Stenhousemuir’s 4-3-3 formation was beginning to look coherent and Forfar’s defence was unable to contain their host’s liquid frontline. McMullan wriggled through a number of bodies and clipped a gorgeous reverse pass into McMenamin – one-on-one with Douglas, the striker really should have done far better than shooting against the goalkeeper’s feet.

Minutes later, Stenny were reduced to ten men when Anthony Marenghi collected a second yellow card after crudely chopping down Omar Kader as he tried to make his way upfield (his first booking was for a foul on the same player in similar circumstances). The jut-jawed midfielder, signed in February after his release from Stranraer, obviously has something about him – he is a clever technician and can use the ball well – but without possession he is quite useless and a luxury a team in Stenhousemuir’s position cannot afford. Marenghi is unable or unwilling to carry out the defensive functions required of him – he barely breaks beyond a light canter and routinely fails to track runners. Both yellow cards were indicative of his indolence: two lazy, needless hacks. It wasn’t red mist; heck, it wasn’t even Scotch mist – it was just pure carelessness.

Brown Ferguson, appointed Stenhousemuir’s permanent manager last week, quickly removed Martin Grehan for Gregor Fotheringham. Fotheringham was brought to Ochilview at the start of the season by Scott Booth to captain the club’s U-20 squad and his emerged as the go-to guy whenever things are needed tightened up in close encounters. In his 15 appearances, Fotheringham has yet to leave any sort of impression and looks badly out of his depth in League 1. He was overawed by the bigger, harder, more streetwise midfield of Derek Young and Martyn Fotheringham and it was no surprise that Forfar began to open up the gates of hell and dominate proceedings.

Their patience eventually paid off 71 minutes when Dale Hilson sprinted down the right and cut the ball back to Fotheringham to finish from 12 yards. Seven minutes later, Fotheringham put his side into an unassailable lead, stabbing home from just inside the area (although he looked to have controlled the ball with his arm). Stenny huffed and puffed and did their best to come back into the match, throwing on Pedro Moutinho and sticking Alan Lithgow up front (given Darren Dods and Michael Travis had easily dealt with almost every long ball, it was a futile tactic), but Forfar killed the game off in injury time. Ross Meechan, who had been bamboozled by the bouncing ball afternoon, allowed Hilson to nudge past him and play in Gavin Swankie for the third.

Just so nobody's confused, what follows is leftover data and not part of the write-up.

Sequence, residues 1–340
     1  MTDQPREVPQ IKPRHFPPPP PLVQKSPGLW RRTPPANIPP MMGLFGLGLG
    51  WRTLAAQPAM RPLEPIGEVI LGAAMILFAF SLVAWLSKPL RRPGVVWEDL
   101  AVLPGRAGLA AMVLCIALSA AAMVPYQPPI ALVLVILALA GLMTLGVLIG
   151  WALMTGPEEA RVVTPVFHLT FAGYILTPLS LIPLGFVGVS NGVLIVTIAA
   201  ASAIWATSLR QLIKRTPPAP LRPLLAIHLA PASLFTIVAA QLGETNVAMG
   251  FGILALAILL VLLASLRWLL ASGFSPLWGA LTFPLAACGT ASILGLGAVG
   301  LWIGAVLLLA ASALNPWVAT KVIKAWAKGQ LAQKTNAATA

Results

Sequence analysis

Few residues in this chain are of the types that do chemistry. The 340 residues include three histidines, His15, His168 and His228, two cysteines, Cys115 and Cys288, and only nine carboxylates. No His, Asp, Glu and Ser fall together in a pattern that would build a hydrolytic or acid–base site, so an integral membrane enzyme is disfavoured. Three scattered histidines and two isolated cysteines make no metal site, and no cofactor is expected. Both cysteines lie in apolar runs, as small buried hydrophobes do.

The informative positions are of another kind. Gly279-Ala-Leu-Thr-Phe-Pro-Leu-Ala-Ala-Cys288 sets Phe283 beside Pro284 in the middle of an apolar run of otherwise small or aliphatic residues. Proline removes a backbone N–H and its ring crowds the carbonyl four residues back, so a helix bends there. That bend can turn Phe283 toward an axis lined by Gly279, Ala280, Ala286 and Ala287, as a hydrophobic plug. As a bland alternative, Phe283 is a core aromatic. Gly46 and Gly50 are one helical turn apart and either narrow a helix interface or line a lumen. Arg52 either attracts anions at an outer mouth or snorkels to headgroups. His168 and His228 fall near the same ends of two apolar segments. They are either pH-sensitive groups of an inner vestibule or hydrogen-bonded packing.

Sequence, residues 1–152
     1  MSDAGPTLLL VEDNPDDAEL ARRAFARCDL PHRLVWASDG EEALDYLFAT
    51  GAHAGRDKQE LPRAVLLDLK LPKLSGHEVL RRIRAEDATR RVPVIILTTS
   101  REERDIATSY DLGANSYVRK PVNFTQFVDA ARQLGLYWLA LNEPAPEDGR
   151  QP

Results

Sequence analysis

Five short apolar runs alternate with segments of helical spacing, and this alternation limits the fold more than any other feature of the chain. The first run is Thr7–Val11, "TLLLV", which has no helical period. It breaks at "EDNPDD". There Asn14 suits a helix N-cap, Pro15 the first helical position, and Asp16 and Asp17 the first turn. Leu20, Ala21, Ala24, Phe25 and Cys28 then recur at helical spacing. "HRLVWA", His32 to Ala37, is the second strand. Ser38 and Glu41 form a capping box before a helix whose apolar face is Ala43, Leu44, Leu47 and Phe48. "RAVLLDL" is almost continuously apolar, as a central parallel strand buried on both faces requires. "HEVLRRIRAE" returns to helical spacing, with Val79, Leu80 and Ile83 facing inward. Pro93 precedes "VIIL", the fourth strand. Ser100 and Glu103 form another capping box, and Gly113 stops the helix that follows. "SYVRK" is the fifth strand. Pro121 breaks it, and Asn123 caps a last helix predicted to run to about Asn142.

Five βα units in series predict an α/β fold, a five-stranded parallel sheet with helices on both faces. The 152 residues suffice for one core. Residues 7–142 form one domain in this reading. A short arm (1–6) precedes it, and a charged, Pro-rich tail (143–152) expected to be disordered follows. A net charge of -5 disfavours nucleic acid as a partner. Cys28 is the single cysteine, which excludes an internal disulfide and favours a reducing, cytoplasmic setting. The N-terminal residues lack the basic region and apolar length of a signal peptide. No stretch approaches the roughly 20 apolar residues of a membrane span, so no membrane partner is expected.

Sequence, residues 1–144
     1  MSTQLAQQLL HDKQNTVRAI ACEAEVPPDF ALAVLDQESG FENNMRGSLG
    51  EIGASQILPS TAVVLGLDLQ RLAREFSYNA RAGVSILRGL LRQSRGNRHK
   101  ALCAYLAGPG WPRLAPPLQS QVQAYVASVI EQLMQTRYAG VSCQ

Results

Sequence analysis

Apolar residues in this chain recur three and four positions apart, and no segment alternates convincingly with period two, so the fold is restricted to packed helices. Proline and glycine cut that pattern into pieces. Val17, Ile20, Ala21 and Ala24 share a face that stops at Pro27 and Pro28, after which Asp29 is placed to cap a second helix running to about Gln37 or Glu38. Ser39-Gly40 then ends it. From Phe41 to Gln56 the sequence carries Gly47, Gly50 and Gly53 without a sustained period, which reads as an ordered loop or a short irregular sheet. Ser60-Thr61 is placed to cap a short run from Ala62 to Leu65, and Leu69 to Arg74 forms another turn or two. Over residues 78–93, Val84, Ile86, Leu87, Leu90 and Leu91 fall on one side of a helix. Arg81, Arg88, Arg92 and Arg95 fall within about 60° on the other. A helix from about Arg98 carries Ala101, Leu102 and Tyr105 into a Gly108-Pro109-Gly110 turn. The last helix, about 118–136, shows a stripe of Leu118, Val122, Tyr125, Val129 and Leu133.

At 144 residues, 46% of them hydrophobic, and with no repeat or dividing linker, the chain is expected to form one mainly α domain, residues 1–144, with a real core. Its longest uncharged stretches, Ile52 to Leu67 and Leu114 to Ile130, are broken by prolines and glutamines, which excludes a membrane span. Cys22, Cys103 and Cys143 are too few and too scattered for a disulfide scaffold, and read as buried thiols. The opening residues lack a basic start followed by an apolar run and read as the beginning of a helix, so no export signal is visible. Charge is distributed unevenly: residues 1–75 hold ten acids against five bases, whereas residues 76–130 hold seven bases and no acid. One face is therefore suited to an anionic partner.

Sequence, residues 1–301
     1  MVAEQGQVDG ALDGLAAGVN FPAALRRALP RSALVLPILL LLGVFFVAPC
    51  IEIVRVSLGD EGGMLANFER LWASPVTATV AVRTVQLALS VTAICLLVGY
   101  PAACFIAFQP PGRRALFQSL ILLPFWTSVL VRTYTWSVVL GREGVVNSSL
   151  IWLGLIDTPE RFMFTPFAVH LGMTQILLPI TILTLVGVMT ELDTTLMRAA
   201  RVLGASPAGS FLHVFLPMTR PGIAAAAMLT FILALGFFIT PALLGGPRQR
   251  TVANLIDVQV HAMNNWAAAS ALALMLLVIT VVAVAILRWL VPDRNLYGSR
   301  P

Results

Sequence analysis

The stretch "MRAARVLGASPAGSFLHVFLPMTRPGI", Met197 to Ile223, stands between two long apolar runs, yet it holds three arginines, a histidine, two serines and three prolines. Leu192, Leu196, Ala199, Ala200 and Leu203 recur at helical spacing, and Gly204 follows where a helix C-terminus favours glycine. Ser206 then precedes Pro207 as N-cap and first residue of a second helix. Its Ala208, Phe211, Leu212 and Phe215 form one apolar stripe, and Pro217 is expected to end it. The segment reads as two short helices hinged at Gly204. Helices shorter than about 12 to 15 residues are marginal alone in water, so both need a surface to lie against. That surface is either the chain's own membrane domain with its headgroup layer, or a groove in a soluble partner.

The win, their fourth in a row, lifts Forfar into second place and keeps them just a point behind Stranraer. They were by no means brilliant, and they did look wobbly before Marenghi’s dismissal, but they used their advantage well and deserved their victory. Their experience and canniness, so crucial all season, sets the up nicely for their remaining four fixtures – every one looks a little trifling but Dick Campbell’s team should have the quality to prevail.

As for Stenhousemuir, well, they still remain within touching distance of safety but they cannot keep on relying on Ayr United’s general wretchedness. A testing schedule lies ahead – they take on three of the division’s top four sides in their remaining fixtures – and it is looking increasingly likely that the club will finish the year in the relegation play-off places. CGT